A bee-utiful new mural has been created in Letterkenny this week, providing an eye-catching display for all entering the Main Street.
The bee mural was created at the side of The Quiet Moment cafe by artist Ciarán Dunlevy.
The artwork was commissioned by Letterkenny Tidy Towns as part of their ‘Flight of the Bee’ mural trail highlighting the importance of bees and biodiversity.
Alongside a fresh new look for The Quiet Moment, the honeybee art brings a flash of colour to the Crossview junction and has the town ‘buzzing’ about its meaning.
Ciarán explains: “This is the fourth of the bee trail. A lot of people don’t know what a native honeybee looks like, they look more like a wasp but they are darker. The other message is that it is crucial that we are careful with weedkillers to protect bees. If the bees go, we are all gone, the pollen they drop feeds the world.”
Passers-by will notice the full pollen basket on the bee’s leg in the picture, showing the vital role they have in pollination.
Ciarán, who has created a mix of murals around the town, was delighted to get this particular commission because he himself has studied bees in detail. He has a beekeeping qualification in his back pocket and in the near future he plans to get some hives at his homeplace in Letterbarrow.
The mural was designed to coincide with a new paint job at the Quiet Moment, with the La Maison design team providing expert advice on the matching colours.
Brendan McGlynn, owner of the Quiet Moment, has long been involved with Letterkenny Tidy Towns and has been involved with the Ballymacool Residents Association from the early days.
He said: “I’ve always looked after the property on the Main Street and I always looked forward to the Tidy Towns awards to see was The Quiet Moment mentioned.”
Brendan said he was delighted to give permission to use the wall and to finally see the plan come together: “It’s been planned for almost a year but the weather has been against us.”
Local painter Kevin Robb of KR Decor repainted the cafe front, working side-by-side with Ciarán Dunlevy. The work was done in an impressive two days, with Ciarán using a projector to beam his design onto the wall at night. He used all water-based non-toxic paint and masonry non-toxic paint, with both a mini-spray and an air-brush for the detail.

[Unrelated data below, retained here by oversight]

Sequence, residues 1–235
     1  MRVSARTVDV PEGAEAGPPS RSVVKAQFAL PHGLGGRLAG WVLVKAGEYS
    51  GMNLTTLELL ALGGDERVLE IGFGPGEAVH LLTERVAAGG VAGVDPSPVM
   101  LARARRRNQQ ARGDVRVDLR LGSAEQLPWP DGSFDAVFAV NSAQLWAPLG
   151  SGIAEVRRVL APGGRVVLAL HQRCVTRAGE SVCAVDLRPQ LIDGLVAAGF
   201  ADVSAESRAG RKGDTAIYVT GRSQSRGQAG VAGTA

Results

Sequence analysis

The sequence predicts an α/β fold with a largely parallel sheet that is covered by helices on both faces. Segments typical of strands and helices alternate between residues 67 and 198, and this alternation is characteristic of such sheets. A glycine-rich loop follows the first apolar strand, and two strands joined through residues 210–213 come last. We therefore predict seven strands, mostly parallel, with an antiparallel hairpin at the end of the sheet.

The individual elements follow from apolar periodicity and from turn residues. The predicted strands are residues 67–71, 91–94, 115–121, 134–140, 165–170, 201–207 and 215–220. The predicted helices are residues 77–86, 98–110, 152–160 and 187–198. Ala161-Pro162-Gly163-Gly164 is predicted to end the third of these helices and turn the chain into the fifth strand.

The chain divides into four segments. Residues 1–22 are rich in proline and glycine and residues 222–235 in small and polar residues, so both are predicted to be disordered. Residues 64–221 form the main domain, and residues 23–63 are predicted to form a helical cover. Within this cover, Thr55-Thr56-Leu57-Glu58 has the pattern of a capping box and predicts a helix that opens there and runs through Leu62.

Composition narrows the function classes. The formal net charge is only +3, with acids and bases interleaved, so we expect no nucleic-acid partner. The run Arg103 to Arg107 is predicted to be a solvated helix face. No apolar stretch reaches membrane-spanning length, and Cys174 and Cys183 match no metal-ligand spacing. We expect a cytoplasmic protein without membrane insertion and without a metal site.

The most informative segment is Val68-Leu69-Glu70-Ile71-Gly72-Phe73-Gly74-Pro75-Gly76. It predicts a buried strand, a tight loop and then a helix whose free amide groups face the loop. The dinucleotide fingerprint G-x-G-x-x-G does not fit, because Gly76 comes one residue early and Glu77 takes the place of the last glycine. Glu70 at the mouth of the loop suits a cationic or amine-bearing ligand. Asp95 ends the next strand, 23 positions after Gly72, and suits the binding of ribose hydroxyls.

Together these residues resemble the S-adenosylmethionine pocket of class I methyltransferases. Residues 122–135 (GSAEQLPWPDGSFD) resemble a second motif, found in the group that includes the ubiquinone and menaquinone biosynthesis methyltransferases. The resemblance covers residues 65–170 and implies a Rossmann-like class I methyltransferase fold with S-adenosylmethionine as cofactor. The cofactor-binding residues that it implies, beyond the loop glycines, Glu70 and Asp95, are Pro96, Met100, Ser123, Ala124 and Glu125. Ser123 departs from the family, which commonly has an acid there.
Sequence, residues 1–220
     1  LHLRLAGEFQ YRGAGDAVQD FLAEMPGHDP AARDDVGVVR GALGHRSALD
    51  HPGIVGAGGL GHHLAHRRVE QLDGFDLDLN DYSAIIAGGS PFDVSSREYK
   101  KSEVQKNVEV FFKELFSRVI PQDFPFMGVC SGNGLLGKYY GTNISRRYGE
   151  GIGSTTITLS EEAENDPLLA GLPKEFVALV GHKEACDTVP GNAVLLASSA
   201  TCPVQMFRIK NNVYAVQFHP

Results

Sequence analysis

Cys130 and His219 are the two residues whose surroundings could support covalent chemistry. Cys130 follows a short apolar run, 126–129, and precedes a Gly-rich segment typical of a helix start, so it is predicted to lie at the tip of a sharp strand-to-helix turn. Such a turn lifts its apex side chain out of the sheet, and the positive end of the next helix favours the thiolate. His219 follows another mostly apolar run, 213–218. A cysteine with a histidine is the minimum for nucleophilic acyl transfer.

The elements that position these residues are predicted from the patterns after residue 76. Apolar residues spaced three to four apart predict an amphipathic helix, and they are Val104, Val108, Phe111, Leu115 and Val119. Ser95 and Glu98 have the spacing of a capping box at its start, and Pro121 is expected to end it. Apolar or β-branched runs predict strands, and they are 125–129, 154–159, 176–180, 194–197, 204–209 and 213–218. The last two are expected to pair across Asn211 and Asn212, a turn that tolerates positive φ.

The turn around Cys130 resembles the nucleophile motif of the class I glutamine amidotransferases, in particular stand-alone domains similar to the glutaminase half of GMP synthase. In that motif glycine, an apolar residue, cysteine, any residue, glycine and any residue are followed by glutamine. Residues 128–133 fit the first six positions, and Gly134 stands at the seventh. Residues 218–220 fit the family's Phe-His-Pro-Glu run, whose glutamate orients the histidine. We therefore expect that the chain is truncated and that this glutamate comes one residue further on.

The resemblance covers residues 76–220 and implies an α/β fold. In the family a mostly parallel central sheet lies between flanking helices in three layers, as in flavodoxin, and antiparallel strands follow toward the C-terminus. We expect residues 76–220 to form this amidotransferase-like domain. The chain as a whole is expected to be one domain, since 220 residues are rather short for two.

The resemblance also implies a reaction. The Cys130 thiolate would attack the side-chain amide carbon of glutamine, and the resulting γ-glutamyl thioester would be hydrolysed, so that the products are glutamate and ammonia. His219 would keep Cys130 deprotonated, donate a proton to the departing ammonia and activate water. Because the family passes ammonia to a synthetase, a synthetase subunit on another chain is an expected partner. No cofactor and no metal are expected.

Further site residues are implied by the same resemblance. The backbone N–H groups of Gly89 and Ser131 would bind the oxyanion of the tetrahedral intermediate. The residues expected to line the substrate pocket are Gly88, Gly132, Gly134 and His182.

“Spray cans aren’t great for the environment and the paint starts to flake off after two years, but these paints last about 15 years,” Ciarán said.
Gerard McCormick, co-chair of Letterkenny Tidy Towns said there is one more instalment of the ‘Flight of the Bee’ Trail on the way. Three other murals created by Karl Porter of UV Arts C.I.C are located at Devlin Hall, the Jim McCormick memorial garden near Century Complex and the former ESB building on the Port Road. The fifth mural will be on Church Lane, with support from the Letterkenny Catherdral Quarter Committee.
Gerard said: “The bee trail started with a lady called Maura Kelly who had this vision back in 2020 to promote biodiversity and sustainability, At the heart of biodiversity are bees and flowers. To take bees into public awareness, Maura came up with the idea of a range of murals on a trail. Maura has now moved to Tipperary. She and her husband did a huge amount of work here in Letterkenny and it is great to get this project over the line.”
With more street art cropping up around Letterkenny, artist Ciarán sees it is a positive way to breathe new life into towns.
“It’s great to see a mix of different artists and styles here, there are plenty of walls we can work on,” he said.
“Once you bring in some interest, heritage, old stories and folklore, you can bring them alive on walls and it really brightens up the place.
“Also the tourists love it, the amount of people that have been taking pictures is magic.”